KANSAS CITY -- Twins infielder Nick Punto left Wednesday's 6-4 victory over the Royals in the eighth inning with what the team is hoping is just a left hamstring cramp.

Punto bunted for a base hit, but when he lunged for first base, he appeared to do something to his left hamstring. He bent over and tried to walk off the injury. After being examined by assistant trainer Dave Preumer, Punto walked off the field on his own accord as he was replaced by pinch-runner J.J. Hardy.

Twins manager Ron Gardenhire and Punto both said the hope is that it was just a cramp. Punto has strained the hamstring before, and he said the pain was nothing like those previous injuries.

"I definitely didn't do it bad if I did it at all," Punto said when asked if he might have pulled his hamstring.

Punto will be re-evaluated at Target Field during Thursday's day off and get treatment. The club said it'll be able to tell at that time if it's something more than just a cramp.

Valencia befuddled by his great start

KANSAS CITY -- Danny Valencia can't explain it.

The 25-year-old third baseman doesn't know why he's been virtually impossible to get out in Kansas City. On the series, Valencia is 8-for-9 with seven RBIs. With his second consecutive four-hit attack Tuesday night, Valencia became the first rookie in Twins history to have back-to-back four-hit games.

"This is rare," he said of his streak. "It's definitely rare. It's obviously great to have it, but it's something that will probably never come again. I've been fortunate, so I'm just really happy with the way things have been going."

Valencia was recalled on June 3 from Triple-A Rochester, where he hit .292 with 15 doubles and 24 RBIs in 47 games. In his last four games for the Twins, Valencia is 14-for-19 (.737) with eight RBIs.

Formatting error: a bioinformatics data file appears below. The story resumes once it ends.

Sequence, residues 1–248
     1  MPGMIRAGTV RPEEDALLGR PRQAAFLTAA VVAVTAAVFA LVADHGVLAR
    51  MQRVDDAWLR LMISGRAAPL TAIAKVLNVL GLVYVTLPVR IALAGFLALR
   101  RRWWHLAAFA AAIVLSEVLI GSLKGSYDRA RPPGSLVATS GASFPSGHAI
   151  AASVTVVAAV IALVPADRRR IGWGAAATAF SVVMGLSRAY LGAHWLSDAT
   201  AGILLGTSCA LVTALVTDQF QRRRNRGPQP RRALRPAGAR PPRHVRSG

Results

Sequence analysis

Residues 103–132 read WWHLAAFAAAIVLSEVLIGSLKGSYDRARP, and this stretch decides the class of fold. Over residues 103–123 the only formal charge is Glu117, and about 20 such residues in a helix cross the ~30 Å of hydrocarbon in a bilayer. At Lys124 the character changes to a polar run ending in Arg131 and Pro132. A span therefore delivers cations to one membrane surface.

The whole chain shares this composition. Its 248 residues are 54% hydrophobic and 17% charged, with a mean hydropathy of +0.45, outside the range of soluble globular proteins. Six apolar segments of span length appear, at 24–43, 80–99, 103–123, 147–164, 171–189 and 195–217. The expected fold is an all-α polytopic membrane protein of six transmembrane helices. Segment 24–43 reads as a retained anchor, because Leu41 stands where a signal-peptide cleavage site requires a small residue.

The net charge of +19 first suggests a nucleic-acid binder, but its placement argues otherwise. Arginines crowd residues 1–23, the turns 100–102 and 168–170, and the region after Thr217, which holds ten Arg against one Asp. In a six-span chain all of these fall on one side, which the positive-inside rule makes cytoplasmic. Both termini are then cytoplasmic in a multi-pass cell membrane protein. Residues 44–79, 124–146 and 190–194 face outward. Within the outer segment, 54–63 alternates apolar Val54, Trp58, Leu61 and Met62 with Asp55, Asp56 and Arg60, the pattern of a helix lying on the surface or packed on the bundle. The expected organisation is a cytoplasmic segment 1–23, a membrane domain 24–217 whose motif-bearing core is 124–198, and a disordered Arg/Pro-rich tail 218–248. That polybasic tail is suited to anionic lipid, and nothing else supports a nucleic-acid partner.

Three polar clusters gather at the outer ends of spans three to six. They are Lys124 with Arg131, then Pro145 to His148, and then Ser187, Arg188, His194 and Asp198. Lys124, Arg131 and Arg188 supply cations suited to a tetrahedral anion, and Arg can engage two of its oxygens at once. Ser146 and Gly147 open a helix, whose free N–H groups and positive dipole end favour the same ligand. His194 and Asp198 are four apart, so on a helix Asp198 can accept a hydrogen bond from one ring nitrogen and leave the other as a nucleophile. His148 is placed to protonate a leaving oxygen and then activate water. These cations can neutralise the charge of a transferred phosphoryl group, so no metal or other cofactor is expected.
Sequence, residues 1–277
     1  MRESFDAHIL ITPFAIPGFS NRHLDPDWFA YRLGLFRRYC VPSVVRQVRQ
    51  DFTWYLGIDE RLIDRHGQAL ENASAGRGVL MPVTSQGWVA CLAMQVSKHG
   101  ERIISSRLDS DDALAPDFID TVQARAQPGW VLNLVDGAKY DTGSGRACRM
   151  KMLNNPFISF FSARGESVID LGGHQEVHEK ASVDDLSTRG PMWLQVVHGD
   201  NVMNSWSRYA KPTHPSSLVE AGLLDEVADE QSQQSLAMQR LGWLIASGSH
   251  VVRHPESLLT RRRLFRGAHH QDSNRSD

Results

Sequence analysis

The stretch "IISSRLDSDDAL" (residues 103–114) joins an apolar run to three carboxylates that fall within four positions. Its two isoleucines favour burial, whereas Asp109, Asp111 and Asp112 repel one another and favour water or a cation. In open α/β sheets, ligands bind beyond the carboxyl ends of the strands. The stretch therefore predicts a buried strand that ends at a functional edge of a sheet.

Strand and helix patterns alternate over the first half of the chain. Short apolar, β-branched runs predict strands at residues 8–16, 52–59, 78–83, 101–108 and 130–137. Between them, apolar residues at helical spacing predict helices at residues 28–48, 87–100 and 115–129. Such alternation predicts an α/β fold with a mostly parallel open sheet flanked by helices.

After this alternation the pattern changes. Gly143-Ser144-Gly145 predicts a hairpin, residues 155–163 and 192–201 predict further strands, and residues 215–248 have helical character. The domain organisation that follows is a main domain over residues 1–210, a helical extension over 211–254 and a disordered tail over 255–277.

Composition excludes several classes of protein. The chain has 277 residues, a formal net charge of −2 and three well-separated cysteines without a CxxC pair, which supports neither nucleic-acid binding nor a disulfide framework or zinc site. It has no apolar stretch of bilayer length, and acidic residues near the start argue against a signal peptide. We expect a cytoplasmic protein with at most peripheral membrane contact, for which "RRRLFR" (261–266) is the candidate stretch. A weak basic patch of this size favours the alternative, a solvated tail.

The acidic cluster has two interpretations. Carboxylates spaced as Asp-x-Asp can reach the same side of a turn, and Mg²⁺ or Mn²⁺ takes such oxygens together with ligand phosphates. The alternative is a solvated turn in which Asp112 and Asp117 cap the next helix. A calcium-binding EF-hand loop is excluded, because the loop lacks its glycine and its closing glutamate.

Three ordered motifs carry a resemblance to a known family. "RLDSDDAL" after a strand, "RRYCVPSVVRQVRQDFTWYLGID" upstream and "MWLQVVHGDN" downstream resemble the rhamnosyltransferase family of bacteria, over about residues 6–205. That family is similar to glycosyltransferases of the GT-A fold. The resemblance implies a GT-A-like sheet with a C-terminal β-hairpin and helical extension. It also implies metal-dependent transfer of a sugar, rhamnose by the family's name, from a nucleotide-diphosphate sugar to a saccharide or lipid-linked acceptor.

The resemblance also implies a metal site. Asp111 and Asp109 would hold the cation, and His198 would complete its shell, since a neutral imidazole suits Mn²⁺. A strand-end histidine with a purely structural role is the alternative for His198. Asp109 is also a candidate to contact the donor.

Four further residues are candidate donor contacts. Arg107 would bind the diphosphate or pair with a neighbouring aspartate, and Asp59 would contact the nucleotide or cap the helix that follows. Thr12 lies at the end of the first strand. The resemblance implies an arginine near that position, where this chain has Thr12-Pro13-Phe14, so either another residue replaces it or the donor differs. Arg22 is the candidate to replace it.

Twins manager Ron Gardenhire points to Valencia's hard work outside the lines as the reason for his recent success.

"He's been working really hard, watching, paying attention, sitting on the bench, working with [hitting coach Joe] Vavra in the cage," Gardenhire said. "As we talked about, he's balancing his swing. He's using the whole field, he's driving it the other way.

"The kid can hit. He's been one of our top prospects coming up for a long time. He struggled this year power-wise, but he's hit the ball."

Twins picking up slack for injured Morneau

KANSAS CITY -- Just as they did last year, the Twins are filling in the gaps for an injured Justin Morneau.

As Morneau is sidelined on the 15-day disabled list, the Twins have had no problem garnering offensive production without one of their top run producers.

"We did it last year in September," outfielder Delmon Young said. "We know that we have to pick everyone up as a collective whole because we're missing one of the best bats in baseball."

Young has pitched in some help of his own, collecting two more hits and an RBI on Tuesday night, bringing his season average to .330 with 76 RBIs. Young brought a seven-game hitting streak into Wednesday's game, and over that streak, he is batting .531 (17-for-32).

"We're having quality at-bats," Young said. "Everyone is taking advantage of it -- getting ahead in the count and getting a pitch they can handle. It's good when one through nine is going up there and getting a pitch they can handle and not missing."

Twins eyeing pitching help at Deadline

KANSAS CITY -- With the non-waiver Trade Deadline less than four days away, the Twins could be looking for a few pieces to take them over the top in the American League Central.

The most likely move for the Twins will be on the mound. Rumors indicate the Twins have interest in Cubs starter Ted Lilly and Nationals closer Matt Capps.

Even with the loss of power slugger Justin Morneau, it is unlikely the Twins will look for any offensive firepower. Since Morneau went to the 15-day disabled list with a concussion, the Twins' offense has more than backed him up, garnering 19 hits or more in their past three games.

Although Twins manager Ron Gardenhire said his lineup is already difficult enough to fill out, you can never have enough bats.